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Why the Layered Architecture Sucks

       We’ve all seen the traditional representation of a Layered Architecture. Sometimes this is what we think of when someone says “Database Application“. Here’s a picture:LayeredArchitecture

The arrows represent dependencies.

Here, the presentation layer depends on the business layer. I like to think of it as “knows exists”. The business layer, knows the database exists. By extension, if a change is made to one part of a system, there may need to be changes made to parts that depend on it.The reason the layered architecture sucks, is because of the dependencies (more specifically, the inevitable discontinuity between the design, and reality).

The dependencies

First, the business logic depends on the representation of the data in the database (or data layer). This is bad, because the business logic needs the relational information, with the representation of the data being the same for both layers, a relation-storage of the data is encouraged by the architecture. NoSQL, (or something else) feels like a strange fit.

Next, the Presentation layer depends on the representation of the data in the database (indirectly, or transitively, or vicariously, or whatever). When I change how my data is stored, I might have to update a REST controller way up front? That seems odd.

Finally, there are implicit dependencies: the data layer will always implicitly depend on the business logic. When a new feature is added, (e.g. a customer can now have multiple phone numbers, or we decide to keep track of spouses and siblings for emergency contacts) there is new information that has to be represented in the data layer.

Changes to business logic may result in changes to what data is stored.  The process to make an update like this, involves first finding where the code needs to change and getting a feel for the type of data it needs, then following the dependencies down to a DAO (or database schema), updating that, then making updates back up the dependency chain to where you started.  In the best case scenario, this change won’t break any other code that may explicitly or implicitly depend on that change to the data layer.(Note: the presentation layer would obviously change from this type of change to the business layer, even in the Layered Architecture this is an explicit dependency)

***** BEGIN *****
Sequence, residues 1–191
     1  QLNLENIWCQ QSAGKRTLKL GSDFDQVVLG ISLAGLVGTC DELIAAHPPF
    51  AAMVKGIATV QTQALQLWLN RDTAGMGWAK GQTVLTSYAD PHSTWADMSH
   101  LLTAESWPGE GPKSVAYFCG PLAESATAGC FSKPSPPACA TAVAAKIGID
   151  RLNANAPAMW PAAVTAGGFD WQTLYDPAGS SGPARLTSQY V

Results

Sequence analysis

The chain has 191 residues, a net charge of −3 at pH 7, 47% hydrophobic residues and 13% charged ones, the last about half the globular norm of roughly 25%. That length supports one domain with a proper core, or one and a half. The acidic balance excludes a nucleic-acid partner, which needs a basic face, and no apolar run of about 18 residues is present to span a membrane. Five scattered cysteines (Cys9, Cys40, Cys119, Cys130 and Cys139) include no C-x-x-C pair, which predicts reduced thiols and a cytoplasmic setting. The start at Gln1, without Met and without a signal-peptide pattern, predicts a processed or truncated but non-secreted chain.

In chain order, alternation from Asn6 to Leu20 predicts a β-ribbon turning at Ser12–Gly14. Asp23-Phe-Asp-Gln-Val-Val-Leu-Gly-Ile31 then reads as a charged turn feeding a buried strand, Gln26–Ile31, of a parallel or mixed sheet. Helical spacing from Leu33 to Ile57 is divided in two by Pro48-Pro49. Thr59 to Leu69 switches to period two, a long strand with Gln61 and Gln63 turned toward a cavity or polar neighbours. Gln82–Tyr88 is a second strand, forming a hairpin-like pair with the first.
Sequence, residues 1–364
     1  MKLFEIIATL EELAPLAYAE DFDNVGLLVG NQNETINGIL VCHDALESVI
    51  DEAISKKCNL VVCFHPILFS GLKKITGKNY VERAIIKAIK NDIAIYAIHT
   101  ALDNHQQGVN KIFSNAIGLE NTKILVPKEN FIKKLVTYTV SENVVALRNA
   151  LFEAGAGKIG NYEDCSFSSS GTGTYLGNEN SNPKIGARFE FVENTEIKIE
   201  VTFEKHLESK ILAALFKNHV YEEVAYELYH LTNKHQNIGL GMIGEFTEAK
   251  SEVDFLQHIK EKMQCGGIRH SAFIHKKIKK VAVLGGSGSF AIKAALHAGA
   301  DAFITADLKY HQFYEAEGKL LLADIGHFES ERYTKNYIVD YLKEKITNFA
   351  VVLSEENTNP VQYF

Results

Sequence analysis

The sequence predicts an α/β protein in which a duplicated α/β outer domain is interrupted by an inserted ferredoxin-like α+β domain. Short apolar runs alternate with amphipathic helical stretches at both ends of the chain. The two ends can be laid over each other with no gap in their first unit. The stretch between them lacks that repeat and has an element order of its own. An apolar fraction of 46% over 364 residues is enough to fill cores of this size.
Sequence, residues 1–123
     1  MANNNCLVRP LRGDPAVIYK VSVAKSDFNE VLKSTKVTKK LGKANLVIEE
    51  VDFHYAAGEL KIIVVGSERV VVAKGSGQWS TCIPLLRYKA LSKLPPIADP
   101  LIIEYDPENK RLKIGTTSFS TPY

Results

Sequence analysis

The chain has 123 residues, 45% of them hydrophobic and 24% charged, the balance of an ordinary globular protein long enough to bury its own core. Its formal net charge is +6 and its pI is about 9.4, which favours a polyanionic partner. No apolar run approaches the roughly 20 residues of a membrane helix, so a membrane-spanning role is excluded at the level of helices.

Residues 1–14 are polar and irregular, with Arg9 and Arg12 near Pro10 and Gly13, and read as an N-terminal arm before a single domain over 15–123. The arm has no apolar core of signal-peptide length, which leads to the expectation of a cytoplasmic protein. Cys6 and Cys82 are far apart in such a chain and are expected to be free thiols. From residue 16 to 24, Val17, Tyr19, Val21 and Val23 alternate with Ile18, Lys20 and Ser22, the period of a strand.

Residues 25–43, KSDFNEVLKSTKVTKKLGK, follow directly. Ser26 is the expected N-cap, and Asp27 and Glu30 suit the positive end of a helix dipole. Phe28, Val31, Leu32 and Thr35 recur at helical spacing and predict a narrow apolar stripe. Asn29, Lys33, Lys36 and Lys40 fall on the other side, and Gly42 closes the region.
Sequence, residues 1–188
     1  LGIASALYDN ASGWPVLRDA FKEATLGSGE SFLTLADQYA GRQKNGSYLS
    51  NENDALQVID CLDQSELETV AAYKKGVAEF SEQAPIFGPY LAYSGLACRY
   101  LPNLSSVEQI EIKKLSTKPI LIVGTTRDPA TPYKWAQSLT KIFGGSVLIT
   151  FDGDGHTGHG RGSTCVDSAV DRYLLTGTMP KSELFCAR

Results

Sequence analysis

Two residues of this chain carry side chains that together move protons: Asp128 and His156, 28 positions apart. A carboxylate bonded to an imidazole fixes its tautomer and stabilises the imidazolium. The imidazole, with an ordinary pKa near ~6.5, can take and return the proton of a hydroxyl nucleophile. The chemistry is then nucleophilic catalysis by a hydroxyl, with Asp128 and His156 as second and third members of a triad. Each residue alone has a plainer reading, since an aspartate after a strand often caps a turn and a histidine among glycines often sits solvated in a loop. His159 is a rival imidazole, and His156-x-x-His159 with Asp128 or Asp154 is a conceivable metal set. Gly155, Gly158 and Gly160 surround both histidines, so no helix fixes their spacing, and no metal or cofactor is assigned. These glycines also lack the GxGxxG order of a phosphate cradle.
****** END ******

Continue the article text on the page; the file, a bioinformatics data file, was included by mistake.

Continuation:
The data layer will always depend on the business layer; Not recognizing this explicitly when designing a system is setting ourselves up for failure.

Adding the transitive dependency of the presentation layer on the data layer, and the implicit dependency of the data layer on the business layer, a true representation of the Layered Architecture would look more like this:


With this architecture, the easiest (not that it’s easy), but easiest portion of code to swap out would be in the presentation layer, because there is no other code that depends on it. And the hardest (possibly not even practical to do) portion of the code to modify would be in he data layer, because changes may need to be made throughout the business logic, and the presentation layer (obviously it’s hard to re-write our business logic, it’s kind-of everything we do).

In my next post, I’ll describe a better option (a more honest option). Maybe an architecture that can actually be created.


  • Reply Peter Ritchie |

    I think you’ve confused Layered Achitecture with MVC. In MVC The View depends on the Model and the Controller then the Model and the Controller depend on one another (depending on the flavor of MVC). In the MVC pattern, all three are within the UI layer in the layered architecture you describe. Use of the “Business” layer would be encapsulated within the Model, and neither the View nor the Controller would use that layer. Then, of course, the “Business” layer would communicate with the Data layer.

    • Reply shostler@gmail.com |

      Thanks Peter. That’s a really good way to look at it. I was originally trying make a boiled down version of the diagram we commonly see as a stack with 3 to 5 layers with all dependencies in a chain pointing down to “data”. But re-reading this a year later with MVC in mind, I do kind of regret the names of the layers. Good food for thought, I may have to re-visit this. Thanks.

So, what do you think ?